Who Killed Flash?


-By John Yanny

If you are reading this, it means that Flash is dead. Well, dying.

On Tuesday, Google Chrome essentially closed the curtain on the Adobe platform that has driven such a huge proportion of online ads, videos and games since 1997. The world’s most-used browser will now auto-pause all Flash Adwords banners, so if you want to see (or hear) the banner or video you’ll have to click on it. Twice. Manually. In this uber-competitive digital environment, that’s as good as not being there at all.

The primary reason, according to Google, is that Flash increases page load speeds, which burns through device batteries faster. Or as Wired diplomatically put it: “Flash is a bloated, insecure battery hog, and it deserves to die”. Chrome’s not the first to turn against Flash, either: last month Firefox blocked it (temporarily) over security concerns, Amazon no longer accept Flash ads across its network, and Facebook has asked browsers to stop supporting it altogether. Apple has never allowed Flash on iPhone, iPad or iPod touch, as per a Steve Jobs decree.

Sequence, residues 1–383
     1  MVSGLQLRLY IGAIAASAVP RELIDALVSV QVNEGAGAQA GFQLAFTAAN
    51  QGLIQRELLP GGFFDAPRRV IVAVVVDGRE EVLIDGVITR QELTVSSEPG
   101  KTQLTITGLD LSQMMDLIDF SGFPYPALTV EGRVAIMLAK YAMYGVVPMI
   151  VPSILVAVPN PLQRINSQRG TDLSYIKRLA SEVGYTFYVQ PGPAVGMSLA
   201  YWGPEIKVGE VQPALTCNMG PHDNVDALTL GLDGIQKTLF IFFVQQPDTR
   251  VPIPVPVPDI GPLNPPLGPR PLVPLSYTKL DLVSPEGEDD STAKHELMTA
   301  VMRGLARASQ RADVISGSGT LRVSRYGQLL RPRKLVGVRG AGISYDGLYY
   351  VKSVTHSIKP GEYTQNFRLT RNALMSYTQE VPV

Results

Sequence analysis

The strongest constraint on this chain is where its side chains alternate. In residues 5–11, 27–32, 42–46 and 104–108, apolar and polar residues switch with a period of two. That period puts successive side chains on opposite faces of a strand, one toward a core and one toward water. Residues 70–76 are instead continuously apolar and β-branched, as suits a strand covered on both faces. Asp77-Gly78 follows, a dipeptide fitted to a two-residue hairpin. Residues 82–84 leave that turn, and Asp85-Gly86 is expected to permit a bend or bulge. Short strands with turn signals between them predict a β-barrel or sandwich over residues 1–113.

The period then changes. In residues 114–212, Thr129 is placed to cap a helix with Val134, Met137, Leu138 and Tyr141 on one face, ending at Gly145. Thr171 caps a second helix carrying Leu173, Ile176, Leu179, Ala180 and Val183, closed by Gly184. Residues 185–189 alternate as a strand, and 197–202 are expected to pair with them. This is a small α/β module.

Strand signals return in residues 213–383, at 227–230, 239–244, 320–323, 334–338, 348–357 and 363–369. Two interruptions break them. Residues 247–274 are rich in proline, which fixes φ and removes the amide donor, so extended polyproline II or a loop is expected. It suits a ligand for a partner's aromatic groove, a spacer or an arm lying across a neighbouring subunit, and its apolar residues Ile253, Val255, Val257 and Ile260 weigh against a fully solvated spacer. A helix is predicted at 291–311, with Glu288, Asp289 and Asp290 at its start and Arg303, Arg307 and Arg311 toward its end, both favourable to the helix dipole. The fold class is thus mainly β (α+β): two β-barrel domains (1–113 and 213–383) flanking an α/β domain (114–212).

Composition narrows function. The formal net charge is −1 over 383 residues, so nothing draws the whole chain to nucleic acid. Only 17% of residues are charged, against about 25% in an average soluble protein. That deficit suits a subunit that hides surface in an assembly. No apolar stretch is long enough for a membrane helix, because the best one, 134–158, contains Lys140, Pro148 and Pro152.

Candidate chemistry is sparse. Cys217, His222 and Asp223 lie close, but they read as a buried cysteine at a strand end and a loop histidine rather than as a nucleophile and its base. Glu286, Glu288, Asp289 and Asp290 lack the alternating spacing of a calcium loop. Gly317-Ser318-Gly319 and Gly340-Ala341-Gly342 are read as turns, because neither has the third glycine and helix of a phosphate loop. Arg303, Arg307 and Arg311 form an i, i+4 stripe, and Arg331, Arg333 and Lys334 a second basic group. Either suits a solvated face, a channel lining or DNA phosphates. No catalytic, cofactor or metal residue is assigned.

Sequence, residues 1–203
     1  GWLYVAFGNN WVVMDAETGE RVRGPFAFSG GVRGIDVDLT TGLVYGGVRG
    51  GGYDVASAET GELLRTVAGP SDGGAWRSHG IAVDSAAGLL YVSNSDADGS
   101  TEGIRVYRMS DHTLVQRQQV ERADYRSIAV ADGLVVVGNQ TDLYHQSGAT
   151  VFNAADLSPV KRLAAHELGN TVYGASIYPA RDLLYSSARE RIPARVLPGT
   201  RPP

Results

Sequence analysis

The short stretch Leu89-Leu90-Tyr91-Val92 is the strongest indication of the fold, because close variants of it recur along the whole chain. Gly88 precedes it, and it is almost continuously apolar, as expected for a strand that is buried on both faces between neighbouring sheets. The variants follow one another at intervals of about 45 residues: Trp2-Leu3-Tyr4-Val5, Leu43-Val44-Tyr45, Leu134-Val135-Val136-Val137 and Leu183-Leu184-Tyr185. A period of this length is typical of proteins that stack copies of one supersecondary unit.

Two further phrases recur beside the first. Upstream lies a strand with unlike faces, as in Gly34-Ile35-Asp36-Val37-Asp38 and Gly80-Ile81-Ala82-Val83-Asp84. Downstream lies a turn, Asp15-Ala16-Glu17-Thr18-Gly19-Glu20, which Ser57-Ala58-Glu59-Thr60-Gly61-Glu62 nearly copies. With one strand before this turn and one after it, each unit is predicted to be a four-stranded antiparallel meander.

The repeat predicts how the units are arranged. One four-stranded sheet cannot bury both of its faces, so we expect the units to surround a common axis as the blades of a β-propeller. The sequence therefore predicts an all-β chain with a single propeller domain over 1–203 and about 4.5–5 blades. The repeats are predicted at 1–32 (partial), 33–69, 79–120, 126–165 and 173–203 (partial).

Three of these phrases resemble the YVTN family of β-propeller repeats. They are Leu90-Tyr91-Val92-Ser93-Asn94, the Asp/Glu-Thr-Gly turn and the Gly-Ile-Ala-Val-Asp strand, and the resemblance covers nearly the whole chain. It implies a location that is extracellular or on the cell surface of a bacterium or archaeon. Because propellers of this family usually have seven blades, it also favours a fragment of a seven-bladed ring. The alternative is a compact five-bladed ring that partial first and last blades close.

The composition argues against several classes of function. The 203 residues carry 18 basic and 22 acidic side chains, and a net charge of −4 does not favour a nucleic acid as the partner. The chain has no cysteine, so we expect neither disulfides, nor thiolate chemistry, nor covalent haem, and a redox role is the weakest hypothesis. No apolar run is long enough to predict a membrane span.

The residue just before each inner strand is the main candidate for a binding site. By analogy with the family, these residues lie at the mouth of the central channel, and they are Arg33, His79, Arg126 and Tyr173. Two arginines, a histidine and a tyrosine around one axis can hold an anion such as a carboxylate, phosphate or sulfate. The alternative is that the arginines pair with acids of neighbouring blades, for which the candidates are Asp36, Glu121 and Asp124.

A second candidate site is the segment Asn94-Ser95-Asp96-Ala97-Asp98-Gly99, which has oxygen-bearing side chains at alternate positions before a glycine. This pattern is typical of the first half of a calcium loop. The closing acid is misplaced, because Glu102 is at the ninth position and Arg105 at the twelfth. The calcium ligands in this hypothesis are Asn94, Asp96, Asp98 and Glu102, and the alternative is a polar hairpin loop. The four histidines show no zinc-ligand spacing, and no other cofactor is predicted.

In response, Australia’s Interactive Advertising Bureau has announced new ad specifications designed to ease the industry transition to the newer technology on the block: HTML5.

In addition to being suddenly far more compatible than its rival, HTML5 is a very different beast. Where Flash ads are large, bulky files that require a player and were frequently slow to react, HTML5 ads are actually tiny websites in of themselves. This means they’re faster, smoother, more interactive, highly responsive, touchscreen-friendly, and thankfully, less prone to crashing.

We’ve been working with – and loving – HTML5 at Sphere for a while now, and we’re still discovering how the technology can open up new creative avenues every day. The king is dead! Long live HTML5!


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